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Tyrone Hospital receives mixed ratings in annual performance report

Tyrone Hospital received a higher than expected mortality rating in one of 28 diagnoses and procedures listed in the latest hospital performance report published by the Pennsylvania Health Care Cost Containment Council. The report was released earlier this week.
Researchers analyzed re-admission data from 18 of the treatment categories. The report includes risk-adjusted mortality rates, lengths of hospitalizations, readmission rates and hospital charges for patients admitted to 168 Pennsylvania hospitals between Oct. 1, 2001 through Sept. 30, 2002.
In a news release, Marc P. Volavka, executive director for the PHC4 said, “clearly there is work to be done in these critical patient safety areas like complications and infection.”
Volavka went on to say “it is important to note mortality rates in Pennsylvania hospital have dropped below national averages in recent years, so quality of care remains high in many areas.”
Tyrone Hospital received the higher than expected mortality rating in the “Septicemia” category. The report indicated the hospital had five or fewer of these type of cases and was not rated in terms of length of stay.
“All mortality cases are reviewed by a different doctor” said Tammy Emigh, the Director of Quality Improvement at Tyrone Hospital. Emigh told the Daily Herald. “All such cases are reviewed by a staff committee.”
Tyrone Hospital was above the state and regional average in the “length of stay” category in eight of the 28 diagnoses and procedures in the report. The hospital was below average in five areas and around the state and regional averages in two of the listed diagnoses and procedures. The hospital received no rating in the “length of stay” category in many areas because they had five or fewer cases in those areas.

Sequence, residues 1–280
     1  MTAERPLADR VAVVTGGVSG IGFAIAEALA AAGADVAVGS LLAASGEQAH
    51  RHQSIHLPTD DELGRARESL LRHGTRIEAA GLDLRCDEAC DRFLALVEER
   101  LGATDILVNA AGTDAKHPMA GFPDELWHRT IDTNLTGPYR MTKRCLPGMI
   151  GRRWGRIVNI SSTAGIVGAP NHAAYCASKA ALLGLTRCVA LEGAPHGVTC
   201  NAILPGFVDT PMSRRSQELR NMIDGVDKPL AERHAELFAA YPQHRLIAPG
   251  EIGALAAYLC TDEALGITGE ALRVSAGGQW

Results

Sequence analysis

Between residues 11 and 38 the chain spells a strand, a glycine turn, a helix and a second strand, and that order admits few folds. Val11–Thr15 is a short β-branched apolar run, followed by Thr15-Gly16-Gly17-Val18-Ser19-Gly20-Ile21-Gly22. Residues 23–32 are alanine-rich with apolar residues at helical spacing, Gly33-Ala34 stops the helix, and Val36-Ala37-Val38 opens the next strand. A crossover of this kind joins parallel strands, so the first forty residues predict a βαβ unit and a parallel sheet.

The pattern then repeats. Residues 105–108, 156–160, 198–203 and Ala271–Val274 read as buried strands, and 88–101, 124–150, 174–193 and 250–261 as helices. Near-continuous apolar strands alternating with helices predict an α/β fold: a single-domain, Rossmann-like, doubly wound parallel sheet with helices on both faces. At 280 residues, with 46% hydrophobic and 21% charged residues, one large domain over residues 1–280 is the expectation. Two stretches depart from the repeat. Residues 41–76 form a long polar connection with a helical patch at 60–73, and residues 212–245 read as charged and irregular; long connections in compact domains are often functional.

Of note in the “re-admissions” category was in the area of poisonings and the toxic effects of drugs. Tyrone Hospital had a readmission rate of 21.6 percent, which was more than three times the rate for all hospitals in western Pennsylvania. The rate statewide was 7.9 percent. The re-admissions rates applied to patients readmitted for any reason.
In terms of average cost per case, Tyrone Hospital was below the western Pennsylvania average in 14 areas. The hospital had no rating in many areas due to five or fewer cases in those areas.
The Pennsylvania Healthcare Cost Containment Council said in their release that infections and other often-preventable complications led to more than 12,000 hospital re-admissions in Pennsylvania last year. The Council claims the re-admissions cost the health care delivery system an additional $410 million in hospital charges and contributed to 93,000 extra days in the hospital. Readmission rates for complications or infection increased slightly in five of eight categories where two years of data were available. Re-admissions for any reason also increased slightly in five of eight categories where there were two years of information available. There was also wide variation of stays among hospitals. The condition with the most variation was Diabetes with Amputation.
There were only slight changes in mortality rates during the reporting period. Mortality rates decreased in five categories and increased in six categories where two years of mortality data were available.
Those interested in copies of the Hospital Performance Report along with hospital comments can go to the Council’s website at www.phc4.org or by calling PHC4 at (717) 232-6787.